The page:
Green paint in bike lanes
The City is painting some bike lanes green as a way to increase safety. These high-visibility lanes are designed to remind motorists to watch for cyclists and share the road. Mind the green is a campaign to help educate people about the presence of bike lanes in our community.
Red light cameras
Motorists running red lights account for hundreds of collisions each year in our city. Red light cameras are one tool the City uses to help reduce collisions at intersections.
Respect the limit signs
Respect the limit is a campaign designed to raise awareness about the dangers of driving too fast.
Lawn signs are available at the main floor of City Hall for residents to place on their front lawns.
A roundabout is a circular intersection where two or more roads meet. Traffic circulates through them counter-clockwise, to the right of a centre island. Roundabouts create lower speeds reducing the potential for serious crashes and injuries.
The zipper merge is a late merge strategy where all available lanes of traffic are used right up to the lane closure. Drivers then alternate into the open lane. The zipper merge strategy is most effective when there are high traffic volumes on the road, combined with low average speeds due to congestion.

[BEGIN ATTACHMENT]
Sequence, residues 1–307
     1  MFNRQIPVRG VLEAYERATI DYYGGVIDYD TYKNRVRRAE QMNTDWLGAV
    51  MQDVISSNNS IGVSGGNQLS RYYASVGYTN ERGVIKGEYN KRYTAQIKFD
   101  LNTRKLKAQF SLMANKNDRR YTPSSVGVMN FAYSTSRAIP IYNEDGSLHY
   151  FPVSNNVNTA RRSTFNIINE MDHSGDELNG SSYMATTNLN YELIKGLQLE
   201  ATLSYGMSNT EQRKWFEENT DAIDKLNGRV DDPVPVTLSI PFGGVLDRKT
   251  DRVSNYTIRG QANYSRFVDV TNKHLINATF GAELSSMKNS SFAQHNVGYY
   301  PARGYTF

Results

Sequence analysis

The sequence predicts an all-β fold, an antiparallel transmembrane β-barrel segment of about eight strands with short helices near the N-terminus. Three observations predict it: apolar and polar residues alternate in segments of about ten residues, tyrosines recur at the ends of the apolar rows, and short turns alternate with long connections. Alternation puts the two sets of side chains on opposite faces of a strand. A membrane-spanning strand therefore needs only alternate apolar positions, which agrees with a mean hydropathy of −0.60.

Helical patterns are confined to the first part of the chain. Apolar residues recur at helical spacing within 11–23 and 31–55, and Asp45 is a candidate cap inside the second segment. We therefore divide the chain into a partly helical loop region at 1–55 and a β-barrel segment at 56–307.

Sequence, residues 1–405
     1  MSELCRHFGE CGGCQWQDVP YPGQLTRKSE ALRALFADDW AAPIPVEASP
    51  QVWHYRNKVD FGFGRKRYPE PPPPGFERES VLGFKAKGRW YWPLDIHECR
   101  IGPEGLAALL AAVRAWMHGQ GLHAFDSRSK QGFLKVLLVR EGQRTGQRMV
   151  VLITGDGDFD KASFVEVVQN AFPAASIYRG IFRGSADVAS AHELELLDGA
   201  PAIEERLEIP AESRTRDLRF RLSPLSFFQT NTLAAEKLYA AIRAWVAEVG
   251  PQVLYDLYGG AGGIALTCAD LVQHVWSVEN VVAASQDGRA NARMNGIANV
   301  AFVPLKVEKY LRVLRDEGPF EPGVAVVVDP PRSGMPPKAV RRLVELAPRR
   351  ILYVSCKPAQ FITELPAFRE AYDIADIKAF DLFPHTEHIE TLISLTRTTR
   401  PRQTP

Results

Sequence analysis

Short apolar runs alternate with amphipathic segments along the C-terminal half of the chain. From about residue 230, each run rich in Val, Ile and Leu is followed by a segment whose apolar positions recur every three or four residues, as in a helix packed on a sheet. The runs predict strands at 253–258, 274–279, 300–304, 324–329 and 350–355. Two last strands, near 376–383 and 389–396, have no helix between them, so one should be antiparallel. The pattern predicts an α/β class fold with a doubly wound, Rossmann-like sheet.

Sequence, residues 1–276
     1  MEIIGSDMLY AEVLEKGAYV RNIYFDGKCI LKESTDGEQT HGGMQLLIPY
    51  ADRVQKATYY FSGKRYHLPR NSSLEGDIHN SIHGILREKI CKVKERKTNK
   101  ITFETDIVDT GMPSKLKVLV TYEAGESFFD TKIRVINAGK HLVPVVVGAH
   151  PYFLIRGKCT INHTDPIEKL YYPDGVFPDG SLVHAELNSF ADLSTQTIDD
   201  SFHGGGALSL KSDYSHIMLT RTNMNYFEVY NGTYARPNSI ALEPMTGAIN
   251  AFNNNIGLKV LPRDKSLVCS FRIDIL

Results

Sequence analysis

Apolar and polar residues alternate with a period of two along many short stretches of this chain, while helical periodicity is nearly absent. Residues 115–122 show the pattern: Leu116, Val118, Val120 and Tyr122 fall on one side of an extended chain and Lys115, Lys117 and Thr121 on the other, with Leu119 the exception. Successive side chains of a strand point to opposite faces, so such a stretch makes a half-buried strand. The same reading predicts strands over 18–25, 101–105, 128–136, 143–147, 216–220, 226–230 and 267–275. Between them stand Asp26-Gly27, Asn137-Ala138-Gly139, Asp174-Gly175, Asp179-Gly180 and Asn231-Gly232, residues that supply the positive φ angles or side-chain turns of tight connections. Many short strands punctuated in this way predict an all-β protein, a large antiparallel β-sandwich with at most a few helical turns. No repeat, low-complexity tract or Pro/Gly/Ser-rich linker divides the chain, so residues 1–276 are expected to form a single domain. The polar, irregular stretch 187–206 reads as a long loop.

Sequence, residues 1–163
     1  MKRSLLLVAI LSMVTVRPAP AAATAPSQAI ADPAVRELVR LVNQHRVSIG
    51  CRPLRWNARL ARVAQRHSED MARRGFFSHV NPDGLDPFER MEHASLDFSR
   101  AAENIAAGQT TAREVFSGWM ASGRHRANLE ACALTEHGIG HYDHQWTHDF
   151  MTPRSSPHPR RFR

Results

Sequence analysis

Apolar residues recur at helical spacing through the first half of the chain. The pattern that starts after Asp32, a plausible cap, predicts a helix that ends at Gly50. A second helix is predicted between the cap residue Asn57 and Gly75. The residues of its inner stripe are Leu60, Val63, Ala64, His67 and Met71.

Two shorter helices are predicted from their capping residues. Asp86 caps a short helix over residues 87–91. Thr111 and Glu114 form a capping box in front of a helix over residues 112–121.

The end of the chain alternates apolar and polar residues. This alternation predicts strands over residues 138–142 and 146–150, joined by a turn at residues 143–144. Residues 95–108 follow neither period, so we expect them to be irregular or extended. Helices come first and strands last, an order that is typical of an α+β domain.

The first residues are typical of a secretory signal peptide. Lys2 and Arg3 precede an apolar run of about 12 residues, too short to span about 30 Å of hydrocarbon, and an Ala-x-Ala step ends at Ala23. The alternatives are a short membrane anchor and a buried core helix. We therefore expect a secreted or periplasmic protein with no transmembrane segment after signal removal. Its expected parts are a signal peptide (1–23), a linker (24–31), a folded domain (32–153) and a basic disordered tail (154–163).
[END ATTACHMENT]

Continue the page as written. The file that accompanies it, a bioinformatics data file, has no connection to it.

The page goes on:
To help promote safe conditions and address driving behaviours in areas where students are often seen walking to and from school, the City of London is installing life-size student silhouettes to heighten drivers’ awareness that they are travelling within a school zone.
Student Silhouettes have been identified as an effective visual tool that reminds drivers to slow down and take extra caution in areas with lots of children.
Signs are placed alongside the road, at school zone entry and exit points. These entry and exit points also mark the beginning and end of the 40km/hr school zone speed limit.
Student Silhouettes are being used as one of many tools to raise awareness of residential speeding in London. Signs will be rotated to a new school zone location every 3 to 4 weeks.
For more information about Student Silhouettes, please contact Mark Ridley at firstname.lastname@example.org or call 519-661-2489 x 4736
Pedestrian crossovers are designated areas for pedestrians to safely cross the road while vehicles yield. They have specific pavement markings and crossing signs.
Pedestrians have the right of way at these crossovers. Drivers and cyclists must stop behind the yield line and wait until pedestrians completely cross the road before proceeding.
Drivers and cyclists may face a fine in the range of $150 to $500 for not yielding at pedestrian crossovers, and drivers may also face three demerit points.